Explore Guadalupe sometimes known as the Butterfly Island, on account of the shape of two of its major islands.
Guadalupe is a group of islands in the eastern Caribbean forming an overseas region of France. It consists of six inhabited islands, Basse-Terre, Grande-Terre, Marie-Galante, La Désirade, and the Îles des Saintes, as well as many uninhabited islands and outcroppings. It lies south of Antigua and Barbuda and Montserrat, southeast of Puerto Rico and north of Dominica. Its capital is Basse-Terre on the west coast; however, the largest city is Pointe-à-Pitre.
Like the other overseas departments, it is an integral part of France. As a constituent territory of the European Union and the Eurozone, the euro is its official currency and any European Union citizen is free to settle and work there indefinitely. As an overseas department, however, it is not part of the Schengen Area. The official language is French; Antillean, Creole is also spoken.
Guadeloupe is an archipelago of more than 12 islands, as well as islets and rocks situated where the northeastern Caribbean Sea meets the western Atlantic Ocean. It is located in the Leeward Islands in the northern part of the Lesser Antilles, a partly volcanic island arc. To the north lies Antigua and Barbuda and the British Oversea Territory of Montserrat, with Dominica lying to the south.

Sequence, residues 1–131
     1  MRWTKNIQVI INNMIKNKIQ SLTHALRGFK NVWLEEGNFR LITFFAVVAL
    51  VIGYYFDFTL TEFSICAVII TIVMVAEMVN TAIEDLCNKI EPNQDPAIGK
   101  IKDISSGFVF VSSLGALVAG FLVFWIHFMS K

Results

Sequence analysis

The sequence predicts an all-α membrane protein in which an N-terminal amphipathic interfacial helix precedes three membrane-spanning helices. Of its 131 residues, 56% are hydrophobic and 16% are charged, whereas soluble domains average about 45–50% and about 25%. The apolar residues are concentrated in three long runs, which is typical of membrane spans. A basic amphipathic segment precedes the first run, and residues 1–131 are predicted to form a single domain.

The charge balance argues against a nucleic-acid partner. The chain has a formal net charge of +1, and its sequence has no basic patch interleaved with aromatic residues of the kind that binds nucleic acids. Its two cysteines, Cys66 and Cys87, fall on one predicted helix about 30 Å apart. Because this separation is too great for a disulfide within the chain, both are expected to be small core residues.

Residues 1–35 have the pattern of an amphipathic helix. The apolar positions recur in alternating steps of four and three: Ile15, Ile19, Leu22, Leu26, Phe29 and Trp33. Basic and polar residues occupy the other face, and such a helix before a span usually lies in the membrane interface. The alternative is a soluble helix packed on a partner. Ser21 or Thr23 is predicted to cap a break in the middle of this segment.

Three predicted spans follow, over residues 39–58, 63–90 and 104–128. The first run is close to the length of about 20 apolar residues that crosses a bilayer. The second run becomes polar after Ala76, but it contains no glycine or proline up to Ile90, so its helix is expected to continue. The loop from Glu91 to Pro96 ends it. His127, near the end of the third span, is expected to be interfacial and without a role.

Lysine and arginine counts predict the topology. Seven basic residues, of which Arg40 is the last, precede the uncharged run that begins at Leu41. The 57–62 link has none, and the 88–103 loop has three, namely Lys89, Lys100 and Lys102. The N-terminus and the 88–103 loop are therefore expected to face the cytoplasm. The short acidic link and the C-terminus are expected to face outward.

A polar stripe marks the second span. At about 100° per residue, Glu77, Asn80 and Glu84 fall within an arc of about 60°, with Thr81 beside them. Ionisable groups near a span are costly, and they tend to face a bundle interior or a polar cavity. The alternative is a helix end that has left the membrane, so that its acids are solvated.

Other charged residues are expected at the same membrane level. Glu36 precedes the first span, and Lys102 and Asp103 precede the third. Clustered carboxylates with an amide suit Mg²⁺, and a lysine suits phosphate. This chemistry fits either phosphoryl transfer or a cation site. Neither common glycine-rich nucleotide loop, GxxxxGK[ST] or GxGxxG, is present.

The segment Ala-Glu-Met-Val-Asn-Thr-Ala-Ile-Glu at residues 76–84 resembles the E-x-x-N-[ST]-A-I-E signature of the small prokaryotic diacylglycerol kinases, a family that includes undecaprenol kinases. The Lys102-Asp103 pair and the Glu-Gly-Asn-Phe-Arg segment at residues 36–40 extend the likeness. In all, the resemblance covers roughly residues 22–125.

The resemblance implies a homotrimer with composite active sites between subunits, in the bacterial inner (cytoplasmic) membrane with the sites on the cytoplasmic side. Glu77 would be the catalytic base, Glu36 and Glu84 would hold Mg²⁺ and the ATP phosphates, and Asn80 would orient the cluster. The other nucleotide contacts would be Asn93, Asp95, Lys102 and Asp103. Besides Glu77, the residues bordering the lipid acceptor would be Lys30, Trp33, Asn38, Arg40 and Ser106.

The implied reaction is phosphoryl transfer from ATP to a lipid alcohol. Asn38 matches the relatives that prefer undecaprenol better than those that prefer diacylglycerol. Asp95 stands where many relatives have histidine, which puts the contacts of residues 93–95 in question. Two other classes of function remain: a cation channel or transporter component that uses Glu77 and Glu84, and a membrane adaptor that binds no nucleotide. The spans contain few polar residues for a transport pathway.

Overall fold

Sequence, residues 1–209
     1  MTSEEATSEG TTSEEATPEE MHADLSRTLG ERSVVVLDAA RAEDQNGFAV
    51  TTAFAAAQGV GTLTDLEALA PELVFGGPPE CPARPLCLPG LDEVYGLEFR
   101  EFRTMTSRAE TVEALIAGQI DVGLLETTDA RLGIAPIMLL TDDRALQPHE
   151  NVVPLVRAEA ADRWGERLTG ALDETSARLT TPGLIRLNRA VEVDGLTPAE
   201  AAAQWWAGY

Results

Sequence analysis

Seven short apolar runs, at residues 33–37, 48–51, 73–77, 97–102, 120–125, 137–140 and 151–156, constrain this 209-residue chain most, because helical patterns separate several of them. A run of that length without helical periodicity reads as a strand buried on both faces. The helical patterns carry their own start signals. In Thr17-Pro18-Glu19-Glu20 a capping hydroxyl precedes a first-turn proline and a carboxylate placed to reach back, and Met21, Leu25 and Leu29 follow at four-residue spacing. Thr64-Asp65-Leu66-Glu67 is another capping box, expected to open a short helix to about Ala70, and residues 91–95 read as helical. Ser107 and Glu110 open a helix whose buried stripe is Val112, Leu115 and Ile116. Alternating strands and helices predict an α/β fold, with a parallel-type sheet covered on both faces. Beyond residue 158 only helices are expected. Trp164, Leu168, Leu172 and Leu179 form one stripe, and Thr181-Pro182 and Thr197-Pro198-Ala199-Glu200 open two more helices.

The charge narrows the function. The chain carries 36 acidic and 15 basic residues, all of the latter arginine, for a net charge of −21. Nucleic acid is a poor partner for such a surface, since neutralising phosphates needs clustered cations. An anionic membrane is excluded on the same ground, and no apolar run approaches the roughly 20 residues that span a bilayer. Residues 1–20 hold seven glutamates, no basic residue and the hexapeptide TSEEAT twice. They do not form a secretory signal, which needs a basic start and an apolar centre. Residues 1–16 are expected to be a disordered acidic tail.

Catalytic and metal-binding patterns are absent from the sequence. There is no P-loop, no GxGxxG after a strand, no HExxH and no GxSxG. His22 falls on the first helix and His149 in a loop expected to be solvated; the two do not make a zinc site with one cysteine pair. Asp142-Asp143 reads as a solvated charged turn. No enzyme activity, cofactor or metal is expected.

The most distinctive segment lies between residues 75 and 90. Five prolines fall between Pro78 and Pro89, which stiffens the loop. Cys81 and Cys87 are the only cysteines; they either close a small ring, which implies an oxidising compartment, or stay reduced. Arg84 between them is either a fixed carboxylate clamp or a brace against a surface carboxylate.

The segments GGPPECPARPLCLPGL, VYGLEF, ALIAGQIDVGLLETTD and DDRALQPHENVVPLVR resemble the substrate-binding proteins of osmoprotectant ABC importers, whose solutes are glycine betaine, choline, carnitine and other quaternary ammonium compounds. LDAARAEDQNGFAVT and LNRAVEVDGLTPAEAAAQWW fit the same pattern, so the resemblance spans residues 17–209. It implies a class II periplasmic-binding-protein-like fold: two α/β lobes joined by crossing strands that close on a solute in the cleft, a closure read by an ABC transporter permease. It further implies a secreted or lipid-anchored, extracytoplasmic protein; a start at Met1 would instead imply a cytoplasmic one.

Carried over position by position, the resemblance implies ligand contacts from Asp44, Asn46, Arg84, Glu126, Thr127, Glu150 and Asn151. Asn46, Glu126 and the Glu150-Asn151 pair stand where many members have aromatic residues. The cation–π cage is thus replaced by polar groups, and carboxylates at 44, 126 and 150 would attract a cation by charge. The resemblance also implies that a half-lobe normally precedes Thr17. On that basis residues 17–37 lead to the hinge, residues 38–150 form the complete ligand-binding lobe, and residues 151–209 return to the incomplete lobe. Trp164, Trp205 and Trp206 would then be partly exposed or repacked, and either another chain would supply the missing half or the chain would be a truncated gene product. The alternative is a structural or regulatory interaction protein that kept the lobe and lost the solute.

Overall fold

The main two islands are Basse-Terre (west) and Grande-Terre (east), which form a butterfly shape as viewed from above, the two ‘wings’ of which are separated by the Grand Cul-de-Sac Marin, Rivière Salée and Petit Cul-de-Sac Marin. More than half of Guadeloupe’s land surface consists of the 847.8 km2 Basse-Terre. The island is mountainous, containing such peaks as Mount Sans Toucher (4,442 feet; 1,354 meters) and Grande Découverte (4,143 feet; 1,263 meters), culminating in the active volcano La Grande Soufrière, and the highest mountain peak in the Lesser Antilles with an elevation of 1,467 meters (4,813 ft). In contrast Grande-Terre is mostly flat, with rocky coasts to the north, irregular hills at the centre, mangrove at the southwest and white sand beaches sheltered by coral reefs along the southern shore. This is where the main tourist resorts are found.